The MTA report recommends more prominent reporting of arbitration proceedings between governments and unions. Public safety unions, especially, can demand binding arbitration because those units cannot strike. Arbitrators, meanwhile, are hired based on how favorably they are viewed by both government agencies and unions. Therefore, arbitrators interests are to split the baby in labor disputes to keep everyone happy (or at least equally unhappy). This results in pay scales and benefits that will always increase. The only question is how much they will increase.
The MTA report also recommended object code spending in government compensation reporting. The rationale for this recommendation is puzzling. Governments practically invented object code reporting. Therefore, I am not sure of the information the MTA claims is lacking.
The MTA advocates the consideration of private sector compensation when determining public sector compensation. This seems fine on the surface. And, market studies are a must for any solid compensation plan. But, given the issues that I addressed regarding Part 1 of the MTAs report (Part 3 of my series); I have concerns about the legitimacy of such comparisons.
And, finally, the MTA recommends reforming public pensions, which arguably have been given the strongest weight in the whole debate. Virtually everyone agrees that public pensions are facing some issues regarding underfunding. As Girard Miller notes in a column entitled Misplaced Pension Hysteria, the attention may be overblown. And, as a Star-Tribune article recently pointed out, Minnesota public employees already pay much more into their pensions than their much-hyped neighbors in Wisconsin.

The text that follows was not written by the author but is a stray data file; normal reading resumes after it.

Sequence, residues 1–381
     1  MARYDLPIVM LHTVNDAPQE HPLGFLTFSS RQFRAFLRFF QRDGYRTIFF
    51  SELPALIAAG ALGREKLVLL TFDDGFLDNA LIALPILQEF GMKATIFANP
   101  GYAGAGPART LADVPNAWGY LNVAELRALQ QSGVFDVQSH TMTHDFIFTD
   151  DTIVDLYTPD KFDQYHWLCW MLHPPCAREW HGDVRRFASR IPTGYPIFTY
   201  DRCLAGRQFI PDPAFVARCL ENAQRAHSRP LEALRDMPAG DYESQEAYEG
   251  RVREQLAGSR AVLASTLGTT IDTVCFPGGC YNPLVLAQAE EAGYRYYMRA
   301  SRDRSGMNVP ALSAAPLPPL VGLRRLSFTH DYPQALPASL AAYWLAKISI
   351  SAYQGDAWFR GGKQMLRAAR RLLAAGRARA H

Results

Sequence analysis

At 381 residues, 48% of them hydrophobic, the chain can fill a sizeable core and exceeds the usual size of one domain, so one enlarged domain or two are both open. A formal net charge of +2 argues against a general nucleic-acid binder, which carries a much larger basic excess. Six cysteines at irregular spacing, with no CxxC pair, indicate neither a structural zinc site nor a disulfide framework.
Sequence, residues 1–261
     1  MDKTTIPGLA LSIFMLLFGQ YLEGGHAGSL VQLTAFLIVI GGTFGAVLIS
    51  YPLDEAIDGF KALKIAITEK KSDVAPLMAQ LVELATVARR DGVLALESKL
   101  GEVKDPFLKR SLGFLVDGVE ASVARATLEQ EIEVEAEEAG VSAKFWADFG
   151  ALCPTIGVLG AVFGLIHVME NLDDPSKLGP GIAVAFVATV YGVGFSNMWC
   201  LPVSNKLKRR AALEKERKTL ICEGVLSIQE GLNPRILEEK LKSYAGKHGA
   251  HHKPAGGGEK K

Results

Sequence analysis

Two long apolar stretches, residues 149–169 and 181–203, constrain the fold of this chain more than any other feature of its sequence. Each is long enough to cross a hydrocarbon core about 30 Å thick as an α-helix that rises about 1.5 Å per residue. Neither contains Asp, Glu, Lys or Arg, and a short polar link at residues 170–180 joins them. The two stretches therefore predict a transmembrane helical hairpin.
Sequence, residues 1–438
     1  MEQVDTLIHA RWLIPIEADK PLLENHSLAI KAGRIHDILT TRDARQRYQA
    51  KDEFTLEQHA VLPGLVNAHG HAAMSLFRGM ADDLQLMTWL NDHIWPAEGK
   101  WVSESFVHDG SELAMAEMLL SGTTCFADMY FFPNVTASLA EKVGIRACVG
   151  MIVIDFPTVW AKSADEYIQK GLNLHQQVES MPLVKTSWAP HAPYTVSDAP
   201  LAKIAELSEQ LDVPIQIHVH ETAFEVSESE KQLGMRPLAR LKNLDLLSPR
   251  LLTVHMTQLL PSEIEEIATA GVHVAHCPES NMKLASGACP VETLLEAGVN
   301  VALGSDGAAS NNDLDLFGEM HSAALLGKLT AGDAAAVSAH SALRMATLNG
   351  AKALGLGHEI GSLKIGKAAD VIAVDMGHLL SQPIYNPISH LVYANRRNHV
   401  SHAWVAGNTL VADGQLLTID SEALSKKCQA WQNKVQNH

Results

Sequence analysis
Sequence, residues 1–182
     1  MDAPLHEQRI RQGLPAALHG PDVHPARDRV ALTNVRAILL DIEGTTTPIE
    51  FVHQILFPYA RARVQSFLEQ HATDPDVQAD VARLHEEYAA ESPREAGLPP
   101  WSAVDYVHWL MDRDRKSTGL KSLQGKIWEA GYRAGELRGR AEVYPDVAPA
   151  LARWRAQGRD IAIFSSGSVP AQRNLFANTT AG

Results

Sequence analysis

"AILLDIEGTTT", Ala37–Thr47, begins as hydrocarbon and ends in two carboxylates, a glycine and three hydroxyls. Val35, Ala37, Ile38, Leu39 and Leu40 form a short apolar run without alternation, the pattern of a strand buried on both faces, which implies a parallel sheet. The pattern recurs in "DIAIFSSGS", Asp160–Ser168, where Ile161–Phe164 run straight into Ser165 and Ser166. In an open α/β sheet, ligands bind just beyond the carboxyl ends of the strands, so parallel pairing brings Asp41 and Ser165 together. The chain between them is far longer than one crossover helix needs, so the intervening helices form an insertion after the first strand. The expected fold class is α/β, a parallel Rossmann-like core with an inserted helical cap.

Related Blog Posts
Out of Balance, Comparing Public and Private Sector over 20 Years, Keith A Bender et al, Center for State and Local Government Excellence
The Paralysis of the State, David Brooks, New York Times
The Trouble with Public Sector Unions, Prof. Daniel DiSalvo
Minnesota Public Sector Compensation, Minnesota Tax Payers Association (commissioned by Minnesota Chamber of Commerce)
In Pension and Benefits, Wisconsin tops Minnesota, Baird Helgeson, Star-Tribune
Government Unions vs. Taxpayers, Governor Tim Pawlenty (R “Minnesota)
Governors rants about public employees dont stand up to scrutiny, Jim Miller, League of Minnesota Cities Executive Director
Are Public Employees Pampered? MPR Insight Now Forum
Are Federal Workers Overpaid, Fact Check web site